Apple reportedly playing waiting game with mobile-payment initiativeAs a growing number of handset makers incorporate mobile payment systems in their smartphones a new report details why Apple has been seemingly reticent to enter the market and says that company executives have chosen the "go-slow" approach instead of rushing headlong into the sector.
A report from The Wall Street Journal explains that Apple is deliberately holding back in the mobile payment arena as a result of "deep discussions" last year.
At WWDC in June Apple announced the new Passport app which is seen as the iPhone maker's foray into the world of mobile payments and will be included in iOS 6 later this year. The system is far removed from offerings like Google Wallet's near-field communications solution and Microsoft's upcoming system that stores credit card and "other mobile-payment" information that can be accessed directly by a merchant.
While competitors are jumping head-first into mobile payments, Apple looks to be merely testing the waters with Passbook, an app that only stores digital versions of loyalty cards, boarding passes, tickets and the like. The app doesn't have credit-card information storage, nor is the next-generation iPhone expected to sport NFC but that is apparently the point.
Apple senior vice president of worldwide marketing Phil Schiller said that other digital-wallet services are "all fighting over their piece of the pie, and we aren't doing that."
Apple's upcoming Passbook app will be included in iOS 6. | Source: Apple
Piper Jaffray analyst Gene Munster contends that Apple is strategically waiting until the market is no longer nascent and can learn from the competition's mistakes. "Apple is always a comfortable number two," Munster said. "They let their competitors do their market research for them."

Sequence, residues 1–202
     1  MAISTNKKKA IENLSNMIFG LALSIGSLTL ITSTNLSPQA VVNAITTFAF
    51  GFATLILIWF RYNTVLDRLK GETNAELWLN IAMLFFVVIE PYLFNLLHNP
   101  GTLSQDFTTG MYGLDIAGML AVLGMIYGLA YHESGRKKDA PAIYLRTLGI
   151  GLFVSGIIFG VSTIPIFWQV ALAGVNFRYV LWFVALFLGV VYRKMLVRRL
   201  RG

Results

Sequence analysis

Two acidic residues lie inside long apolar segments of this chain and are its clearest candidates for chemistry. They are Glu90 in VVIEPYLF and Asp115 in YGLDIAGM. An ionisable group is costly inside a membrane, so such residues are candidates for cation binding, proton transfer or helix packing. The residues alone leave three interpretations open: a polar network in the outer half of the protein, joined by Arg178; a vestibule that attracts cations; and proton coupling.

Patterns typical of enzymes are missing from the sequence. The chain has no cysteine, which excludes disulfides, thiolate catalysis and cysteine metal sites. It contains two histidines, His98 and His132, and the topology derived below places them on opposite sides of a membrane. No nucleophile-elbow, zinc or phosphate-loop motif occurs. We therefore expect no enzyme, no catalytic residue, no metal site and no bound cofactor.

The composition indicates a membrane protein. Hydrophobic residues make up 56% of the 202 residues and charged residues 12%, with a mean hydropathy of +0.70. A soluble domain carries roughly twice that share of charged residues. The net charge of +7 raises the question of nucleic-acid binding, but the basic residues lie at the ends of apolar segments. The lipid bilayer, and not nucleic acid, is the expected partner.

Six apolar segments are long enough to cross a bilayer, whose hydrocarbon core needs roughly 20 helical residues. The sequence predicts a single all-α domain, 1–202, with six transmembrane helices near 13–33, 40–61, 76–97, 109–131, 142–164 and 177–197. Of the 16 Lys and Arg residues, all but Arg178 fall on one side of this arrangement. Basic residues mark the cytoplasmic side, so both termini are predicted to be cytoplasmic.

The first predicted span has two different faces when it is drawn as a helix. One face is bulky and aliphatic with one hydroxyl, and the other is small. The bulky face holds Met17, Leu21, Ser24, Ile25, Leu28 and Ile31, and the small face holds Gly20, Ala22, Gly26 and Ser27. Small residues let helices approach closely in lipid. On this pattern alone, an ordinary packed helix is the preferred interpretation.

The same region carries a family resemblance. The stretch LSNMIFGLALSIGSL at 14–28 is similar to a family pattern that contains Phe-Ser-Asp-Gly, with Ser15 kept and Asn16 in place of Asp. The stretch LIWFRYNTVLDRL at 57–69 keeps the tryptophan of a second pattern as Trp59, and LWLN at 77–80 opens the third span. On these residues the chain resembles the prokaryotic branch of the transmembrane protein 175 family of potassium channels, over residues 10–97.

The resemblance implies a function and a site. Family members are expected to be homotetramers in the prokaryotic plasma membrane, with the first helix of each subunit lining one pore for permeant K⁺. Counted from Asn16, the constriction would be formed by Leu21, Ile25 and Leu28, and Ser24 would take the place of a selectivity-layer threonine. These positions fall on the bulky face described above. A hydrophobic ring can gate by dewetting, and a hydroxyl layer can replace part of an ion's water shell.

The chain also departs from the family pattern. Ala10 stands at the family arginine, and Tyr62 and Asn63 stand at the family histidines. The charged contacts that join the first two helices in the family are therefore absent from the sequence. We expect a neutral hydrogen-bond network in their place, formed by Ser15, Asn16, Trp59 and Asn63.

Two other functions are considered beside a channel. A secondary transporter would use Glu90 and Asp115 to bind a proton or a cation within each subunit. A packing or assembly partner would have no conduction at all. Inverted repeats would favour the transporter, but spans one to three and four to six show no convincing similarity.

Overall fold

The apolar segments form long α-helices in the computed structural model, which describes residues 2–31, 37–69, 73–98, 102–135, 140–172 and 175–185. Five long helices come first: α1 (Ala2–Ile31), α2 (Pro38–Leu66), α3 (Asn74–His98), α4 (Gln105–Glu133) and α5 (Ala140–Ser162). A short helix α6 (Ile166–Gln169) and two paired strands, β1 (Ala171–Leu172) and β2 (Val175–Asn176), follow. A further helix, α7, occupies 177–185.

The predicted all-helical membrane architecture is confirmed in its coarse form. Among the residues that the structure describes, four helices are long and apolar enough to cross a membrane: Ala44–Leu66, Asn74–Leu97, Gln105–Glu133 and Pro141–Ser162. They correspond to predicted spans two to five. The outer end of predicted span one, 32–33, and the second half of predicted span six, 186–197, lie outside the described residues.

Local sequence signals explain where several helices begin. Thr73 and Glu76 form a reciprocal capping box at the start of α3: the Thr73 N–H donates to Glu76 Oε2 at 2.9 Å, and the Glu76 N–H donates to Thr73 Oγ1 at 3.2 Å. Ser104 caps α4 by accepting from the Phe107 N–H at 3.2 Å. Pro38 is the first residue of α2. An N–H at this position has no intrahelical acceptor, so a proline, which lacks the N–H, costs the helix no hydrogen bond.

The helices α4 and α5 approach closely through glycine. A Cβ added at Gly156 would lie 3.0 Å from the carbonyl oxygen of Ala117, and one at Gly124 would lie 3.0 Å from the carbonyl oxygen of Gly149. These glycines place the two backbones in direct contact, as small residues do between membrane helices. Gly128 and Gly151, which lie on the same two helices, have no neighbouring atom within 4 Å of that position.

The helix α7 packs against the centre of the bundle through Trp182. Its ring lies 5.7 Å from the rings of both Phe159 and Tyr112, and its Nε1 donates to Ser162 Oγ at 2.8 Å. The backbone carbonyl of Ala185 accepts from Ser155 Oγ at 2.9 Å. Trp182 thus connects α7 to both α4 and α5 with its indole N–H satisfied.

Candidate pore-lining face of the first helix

Apple is actively studying its options, however, and sources close to the matter said iPhone software chief Scott Forstall was interested in the idea of a comprehensive "wallet app" as early as last year. Forstall reportedly put a team together to work out the feasibility of offering direct payment functionality but the idea was scrapped on account of its complexity and the possibility that the company would in some ways need to become a bank.
Instead of a full-fledged "wallet app" engineers decided on the Passbook software which could allow the company to be cut-in on each payment made through the service, a well-worn strategy already implemented in iTunes. This idea too was pared down during an executive review of the overall system in 2012, said a source briefed on the meeting.
Chief Financial Officer Peter Oppenheimer reportedly had concerns about information security while Schiller was worried that poor customer service from merchants might reflect badly on Apple. Thus the ultimate app agreed upon was limited to inessential financial assets.
The story isn't over for Apple's "wallet app," however, as it is unlikely the company can ignore the mobile-payment market for long. According to research firm Gartner, the sector is expected to grow from $172 billion worldwide in 2012 to over $600 billion by 2016.